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I am installing cufflinks on my Mac OS X, and here is the instruction:


Under Installing the SAM tools I follow the instructions below

  1. Download the SAM tools
  2. Unpack the SAM tools tarball and cd to the SAM tools source directory.
  3. Build the SAM tools by typing make at the command line.
  4. Choose a directory into which you wish to copy the SAM tools binary, the included library libbam.a, and the library headers. A common choice is /usr/local/.
  5. Copy libbam.a to the lib/ directory in the folder you've chosen above (e.g. /usr/local/lib/)
  6. Create a directory called "bam" in the include/ directory (e.g. /usr/local/include/bam)
  7. Copy the headers (files ending in .h) to the include/bam directory you've created above (e.g. /usr/local/include/bam)
  8. Copy the samtools binary to some directory in your PATH.

I've done the fist 7 steps, but I am not sure how to proceed with the last step (#8): should I use the command:

sudo cp -a samtools-0.1.18 /usr/local/

or into some other directories? What does the PATH in step 8 indicate? Thanks!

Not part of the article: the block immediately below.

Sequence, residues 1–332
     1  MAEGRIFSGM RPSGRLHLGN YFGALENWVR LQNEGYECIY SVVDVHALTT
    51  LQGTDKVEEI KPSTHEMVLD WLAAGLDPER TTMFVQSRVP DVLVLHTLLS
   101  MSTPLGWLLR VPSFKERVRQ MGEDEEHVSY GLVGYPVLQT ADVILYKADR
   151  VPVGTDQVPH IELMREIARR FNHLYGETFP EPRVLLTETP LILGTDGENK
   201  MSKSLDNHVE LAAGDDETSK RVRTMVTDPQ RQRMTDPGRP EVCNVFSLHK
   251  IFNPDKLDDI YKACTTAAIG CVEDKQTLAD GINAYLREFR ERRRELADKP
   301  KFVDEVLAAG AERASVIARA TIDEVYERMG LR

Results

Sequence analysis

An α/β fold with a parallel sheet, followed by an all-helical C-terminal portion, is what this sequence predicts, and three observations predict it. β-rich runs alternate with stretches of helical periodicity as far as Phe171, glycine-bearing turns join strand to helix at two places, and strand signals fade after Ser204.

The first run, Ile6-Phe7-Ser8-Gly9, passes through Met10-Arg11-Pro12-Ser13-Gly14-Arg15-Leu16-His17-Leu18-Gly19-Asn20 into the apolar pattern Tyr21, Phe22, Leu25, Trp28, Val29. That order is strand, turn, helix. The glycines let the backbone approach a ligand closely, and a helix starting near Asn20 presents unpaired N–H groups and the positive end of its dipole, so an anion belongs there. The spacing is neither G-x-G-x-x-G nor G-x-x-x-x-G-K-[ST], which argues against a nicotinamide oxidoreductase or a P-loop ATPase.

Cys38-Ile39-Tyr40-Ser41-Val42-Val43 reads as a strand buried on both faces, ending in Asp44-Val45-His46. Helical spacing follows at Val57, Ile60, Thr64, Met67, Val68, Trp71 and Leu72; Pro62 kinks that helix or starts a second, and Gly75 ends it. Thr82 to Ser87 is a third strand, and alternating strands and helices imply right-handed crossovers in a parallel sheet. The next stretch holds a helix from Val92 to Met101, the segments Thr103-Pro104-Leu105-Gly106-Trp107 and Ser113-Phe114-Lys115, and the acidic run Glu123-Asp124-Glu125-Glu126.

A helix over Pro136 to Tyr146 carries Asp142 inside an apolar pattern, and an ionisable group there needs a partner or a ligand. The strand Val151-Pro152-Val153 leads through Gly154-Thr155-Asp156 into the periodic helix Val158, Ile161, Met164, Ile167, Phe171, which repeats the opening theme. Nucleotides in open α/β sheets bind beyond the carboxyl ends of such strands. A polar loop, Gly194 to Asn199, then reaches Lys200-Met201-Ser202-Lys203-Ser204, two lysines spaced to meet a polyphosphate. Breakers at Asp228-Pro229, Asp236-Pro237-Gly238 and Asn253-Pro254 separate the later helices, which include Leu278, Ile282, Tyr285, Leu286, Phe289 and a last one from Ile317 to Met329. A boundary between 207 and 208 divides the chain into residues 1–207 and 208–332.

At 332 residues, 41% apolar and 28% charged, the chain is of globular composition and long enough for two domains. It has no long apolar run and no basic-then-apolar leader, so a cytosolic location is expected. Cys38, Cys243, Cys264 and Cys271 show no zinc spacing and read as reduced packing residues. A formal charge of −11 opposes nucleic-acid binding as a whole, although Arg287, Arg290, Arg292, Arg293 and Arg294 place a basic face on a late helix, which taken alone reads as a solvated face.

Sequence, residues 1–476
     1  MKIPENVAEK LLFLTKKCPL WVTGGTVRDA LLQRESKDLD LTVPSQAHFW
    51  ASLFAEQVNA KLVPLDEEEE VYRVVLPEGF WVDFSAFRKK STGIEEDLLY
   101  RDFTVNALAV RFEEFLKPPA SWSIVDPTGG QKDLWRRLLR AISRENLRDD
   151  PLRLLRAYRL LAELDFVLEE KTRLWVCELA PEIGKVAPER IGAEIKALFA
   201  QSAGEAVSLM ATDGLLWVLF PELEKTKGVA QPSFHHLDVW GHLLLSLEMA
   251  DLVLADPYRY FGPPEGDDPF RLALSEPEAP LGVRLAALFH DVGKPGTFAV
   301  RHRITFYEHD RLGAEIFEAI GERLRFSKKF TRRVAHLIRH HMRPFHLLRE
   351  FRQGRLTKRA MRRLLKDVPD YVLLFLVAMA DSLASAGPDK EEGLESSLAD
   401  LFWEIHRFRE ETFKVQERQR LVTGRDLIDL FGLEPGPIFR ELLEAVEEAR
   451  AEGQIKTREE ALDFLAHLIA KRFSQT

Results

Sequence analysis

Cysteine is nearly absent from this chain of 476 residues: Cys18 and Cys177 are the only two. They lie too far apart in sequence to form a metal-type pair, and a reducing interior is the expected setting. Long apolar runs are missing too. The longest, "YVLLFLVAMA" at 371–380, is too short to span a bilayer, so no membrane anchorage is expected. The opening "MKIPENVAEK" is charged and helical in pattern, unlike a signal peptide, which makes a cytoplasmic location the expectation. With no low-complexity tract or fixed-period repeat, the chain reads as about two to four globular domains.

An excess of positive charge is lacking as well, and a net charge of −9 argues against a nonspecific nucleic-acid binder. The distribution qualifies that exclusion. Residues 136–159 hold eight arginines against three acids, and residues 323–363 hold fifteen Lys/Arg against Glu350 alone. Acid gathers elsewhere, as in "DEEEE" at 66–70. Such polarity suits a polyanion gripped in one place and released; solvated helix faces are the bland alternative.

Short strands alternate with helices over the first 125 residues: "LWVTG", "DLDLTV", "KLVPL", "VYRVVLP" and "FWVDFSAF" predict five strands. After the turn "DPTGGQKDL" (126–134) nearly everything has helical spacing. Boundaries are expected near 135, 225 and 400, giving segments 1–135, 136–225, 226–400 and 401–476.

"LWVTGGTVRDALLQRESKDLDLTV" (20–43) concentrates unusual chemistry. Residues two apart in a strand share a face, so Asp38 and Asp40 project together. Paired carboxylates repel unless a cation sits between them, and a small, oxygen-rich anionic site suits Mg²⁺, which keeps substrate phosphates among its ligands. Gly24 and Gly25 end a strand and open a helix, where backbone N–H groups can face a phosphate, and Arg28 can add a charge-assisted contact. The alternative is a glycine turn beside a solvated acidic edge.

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1 Answer 1

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To answer your question I will go over some basic linux knowledge that has helped me understand binaries and their locations.

In linux, you can run a binary by typing in a complete path to the binary and the binary will run. For example, if I have a binary named foo in /usr/local/bin, I would run the command /usr/local/bin/foo and the foo binary would be run.

The purpose of the PATH is a shortcut so that you don't need to type in the complete path to the binary, just the name of the binary. PATH is a variable that contains all of the directories that have binaries that you want to have the shortcut apply to. So, referring to the previous example, if /usr/local/bin is in my PATH variable, then I could just run foo.

So, to answer your question, you can tell which directories that are in your PATH by running the command echo $PATH and if one of the directories is where your samtools binaries are, your good!! If not, you can move your samtools binaries to one of those directories so that you don't have to put the full path everytime you want to run the binaries.

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